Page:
Reconstructing Marawi’s ‘economic heart’
“Project Padian: Remembering Marawi” is a creative venture launched early this month to provide an online platform for sharing narratives about the focal role that the “padian,” or market, plays among the Maranaw of Marawi and Lanao provinces. As the blurb on its social media page says, the project is a way to “remember Marawi by reconstructing its economic heart — the old Padian marketplace — and the people who worked, transacted and lived in this space. What food did you eat? What goods did you buy and sell?”
Markets are embedded in any society, and play a central and integral role in bringing people together, from varied social locations and economic backgrounds, in face to face interactions, all aimed toward a satisfying exchange of goods or services.
In the marketplace, everyone is either a buyer or a seller: social demarcation lines of class or affluence are not barriers to a regular buying and selling transaction. Years of repeated interactions between the two parties (buyers and sellers) become the bases for long and deep friendships, where each party refers to each other as “suki.”
But more than just the setting for innumerable economic exchanges, the marketplace is also where many merchant families raise their children. This makes the market an even more significant place in any community — it becomes a laboratory for socializing the young in any society to the intricacies of surviving the harsh realities of life.
These characteristics of the market and even more were true to the padian of Marawi. Now, after more than two years since it was carpet-bombed along with other social infrastructure and houses of the Maranaw, the padian is now a flattened ghost town, a grim reminder of the horrors of war.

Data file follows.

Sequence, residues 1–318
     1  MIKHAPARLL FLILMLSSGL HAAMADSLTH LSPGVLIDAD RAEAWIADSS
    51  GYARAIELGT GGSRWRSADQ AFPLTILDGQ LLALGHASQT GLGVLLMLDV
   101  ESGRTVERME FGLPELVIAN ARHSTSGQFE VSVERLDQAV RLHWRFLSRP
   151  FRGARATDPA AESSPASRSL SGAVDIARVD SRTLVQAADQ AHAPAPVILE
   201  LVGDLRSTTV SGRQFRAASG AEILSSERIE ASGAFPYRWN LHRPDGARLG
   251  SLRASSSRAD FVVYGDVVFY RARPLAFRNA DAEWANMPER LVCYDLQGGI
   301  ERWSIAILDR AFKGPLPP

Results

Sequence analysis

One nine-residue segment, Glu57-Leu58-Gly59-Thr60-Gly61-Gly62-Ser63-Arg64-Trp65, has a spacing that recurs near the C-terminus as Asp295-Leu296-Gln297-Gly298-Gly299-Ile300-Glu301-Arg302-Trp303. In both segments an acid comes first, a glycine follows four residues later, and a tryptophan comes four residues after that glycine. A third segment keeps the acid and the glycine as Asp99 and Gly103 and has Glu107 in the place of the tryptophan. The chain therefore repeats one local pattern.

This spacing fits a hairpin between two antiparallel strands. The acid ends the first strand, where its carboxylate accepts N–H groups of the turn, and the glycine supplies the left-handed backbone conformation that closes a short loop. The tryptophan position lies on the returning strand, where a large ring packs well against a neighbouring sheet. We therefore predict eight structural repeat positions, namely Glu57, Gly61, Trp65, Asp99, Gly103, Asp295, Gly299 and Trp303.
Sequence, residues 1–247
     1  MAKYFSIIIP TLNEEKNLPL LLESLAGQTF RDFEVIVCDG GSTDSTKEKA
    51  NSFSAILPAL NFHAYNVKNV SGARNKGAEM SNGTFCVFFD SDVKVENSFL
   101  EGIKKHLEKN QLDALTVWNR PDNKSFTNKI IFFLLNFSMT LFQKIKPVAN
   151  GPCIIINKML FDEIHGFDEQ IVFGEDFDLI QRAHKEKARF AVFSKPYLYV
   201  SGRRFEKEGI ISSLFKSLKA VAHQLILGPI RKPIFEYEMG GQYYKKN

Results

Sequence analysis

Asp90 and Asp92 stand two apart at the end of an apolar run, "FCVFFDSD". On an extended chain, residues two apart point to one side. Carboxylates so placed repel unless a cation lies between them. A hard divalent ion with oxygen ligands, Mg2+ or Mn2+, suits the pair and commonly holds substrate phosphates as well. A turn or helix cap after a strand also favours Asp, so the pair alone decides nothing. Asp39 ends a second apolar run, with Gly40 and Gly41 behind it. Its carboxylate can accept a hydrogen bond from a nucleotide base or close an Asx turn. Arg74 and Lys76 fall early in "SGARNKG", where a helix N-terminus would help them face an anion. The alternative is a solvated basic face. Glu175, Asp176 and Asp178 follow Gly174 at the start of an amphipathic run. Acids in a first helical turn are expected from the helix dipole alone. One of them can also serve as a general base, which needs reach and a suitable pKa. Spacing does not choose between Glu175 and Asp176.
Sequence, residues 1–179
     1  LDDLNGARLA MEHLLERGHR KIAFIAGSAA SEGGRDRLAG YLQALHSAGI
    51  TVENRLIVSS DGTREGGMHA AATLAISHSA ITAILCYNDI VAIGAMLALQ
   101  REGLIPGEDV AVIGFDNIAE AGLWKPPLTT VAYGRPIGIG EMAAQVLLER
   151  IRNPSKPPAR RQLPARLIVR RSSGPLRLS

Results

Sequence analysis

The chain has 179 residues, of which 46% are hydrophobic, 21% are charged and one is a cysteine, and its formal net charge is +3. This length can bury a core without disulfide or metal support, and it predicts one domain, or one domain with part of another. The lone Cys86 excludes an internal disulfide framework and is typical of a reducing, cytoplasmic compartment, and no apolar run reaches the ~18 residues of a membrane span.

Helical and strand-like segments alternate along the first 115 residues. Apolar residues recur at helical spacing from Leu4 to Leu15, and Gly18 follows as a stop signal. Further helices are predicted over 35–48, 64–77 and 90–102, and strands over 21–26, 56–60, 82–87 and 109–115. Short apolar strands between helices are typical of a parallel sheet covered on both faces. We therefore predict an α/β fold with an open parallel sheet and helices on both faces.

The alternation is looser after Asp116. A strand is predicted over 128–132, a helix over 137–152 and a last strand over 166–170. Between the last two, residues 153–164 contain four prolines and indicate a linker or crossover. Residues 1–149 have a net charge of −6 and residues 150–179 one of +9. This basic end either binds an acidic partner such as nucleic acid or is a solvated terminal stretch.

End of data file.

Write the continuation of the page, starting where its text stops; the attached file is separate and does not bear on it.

The padian used to be one of my favorite places to visit in Marawi, aside from the beautiful campus of the Mindanao State University (MSU Marawi) that is overlooking another breathtaking sight, Lake Lanao. I can still recall how colorful the stalls in the padian were.
I used to love going there to haggle with my suki who sold lovely hijab (headscarves), usually from Indonesia; and intricately handwoven Maranaw malong or sarong.
When I visited Marawi last year, and saw the ruins of the padian and the rest of the “most affected areas,” I could not help but cry. I could not imagine how people caused death and destruction to their fellow human beings, if they were even in their sane and reasonable state. War indeed can turn humans into beasts.
A market is the lifeblood of any society: for the Maranaw, the padian is their economic heart. When you destroy it, you also kill the people who draw strength from it as their main source of livelihood.
Organizers of Project Padian hope to bring back to life the once bustling Marawi marketplace, to remember it and start reconstructing it to what it used to be.
A small group of volunteers—artists, filmmakers, academicians and development workers—want to raise consciousness and funds to translate this vision of reconstructing Marawi’s padian.
One of the videos shown on the Project Padian social media page is the narrative of MSU Marawi history professor Tirmizy Abdullah, whose mother single-handedly raised him there. She was a single mother and owner of a stall in the padian.
Ironically, Task Force Bangon Marawi (TFBM) is nowhere near fulfilling its promise of reconstructing Marawi. Unlike Project Padian that was launched without funding support, TFBM has billions of pesos at its disposal. What does this say of the government that ordered the destruction of Marawi’s “economic heart”?
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